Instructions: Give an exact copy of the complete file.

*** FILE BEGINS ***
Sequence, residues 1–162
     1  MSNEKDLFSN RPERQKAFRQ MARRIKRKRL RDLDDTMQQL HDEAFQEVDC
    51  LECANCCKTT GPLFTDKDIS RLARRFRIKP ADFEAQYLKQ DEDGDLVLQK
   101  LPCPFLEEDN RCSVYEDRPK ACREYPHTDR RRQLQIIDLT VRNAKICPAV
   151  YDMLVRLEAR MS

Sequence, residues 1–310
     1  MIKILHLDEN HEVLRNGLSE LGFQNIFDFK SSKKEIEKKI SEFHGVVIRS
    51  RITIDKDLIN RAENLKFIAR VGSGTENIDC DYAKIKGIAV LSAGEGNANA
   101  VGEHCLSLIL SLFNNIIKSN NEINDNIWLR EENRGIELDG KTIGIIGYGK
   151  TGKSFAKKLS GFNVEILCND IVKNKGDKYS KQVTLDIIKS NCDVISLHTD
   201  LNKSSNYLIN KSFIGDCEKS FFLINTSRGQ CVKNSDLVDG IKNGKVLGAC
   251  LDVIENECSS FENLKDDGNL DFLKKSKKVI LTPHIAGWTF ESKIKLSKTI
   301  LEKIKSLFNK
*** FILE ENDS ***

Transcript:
Sequence, residues 1–162
     1  MSNEKDLFSN RPERQKAFRQ MARRIKRKRL RDLDDTMQQL HDEAFQEVDC
    51  LECANCCKTT GPLFTDKDIS RLARRFRIKP ADFEAQYLKQ DEDGDLVLQK
   101  LPCPFLEEDN RCSVYEDRPK ACREYPHTDR RRQLQIIDLT VRNAKICPAV
   151  YDMLVRLEAR MS

Sequence, residues 1–310
     1  MIKILHLDEN HEVLRNGLSE LGFQNIFDFK SSKKEIEKKI SEFHGVVIRS
    51  RITIDKDLIN RAENLKFIAR VGSGTENIDC DYAKIKGIAV LSAGEGNANA
   101  VGEHCLSLIL SLFNNIIKSN NEINDNIWLR EENRGIELDG KTIGIIGYGK
   151  TGKSFAKKLS GFNVEILCND IVKNKGDKYS KQVTLDIIKS NCDVISLHTD
   201  LNKSSNYLIN KSFIGDCEKS FFLINTSRGQ CVKNSDLVDG IKNGKVLGAC
   251  LDVIENECSS FENLKDDGNL DFLKKSKKVI LTPHIAGWTF ESKIKLSKTI
   301  LEKIKSLFNK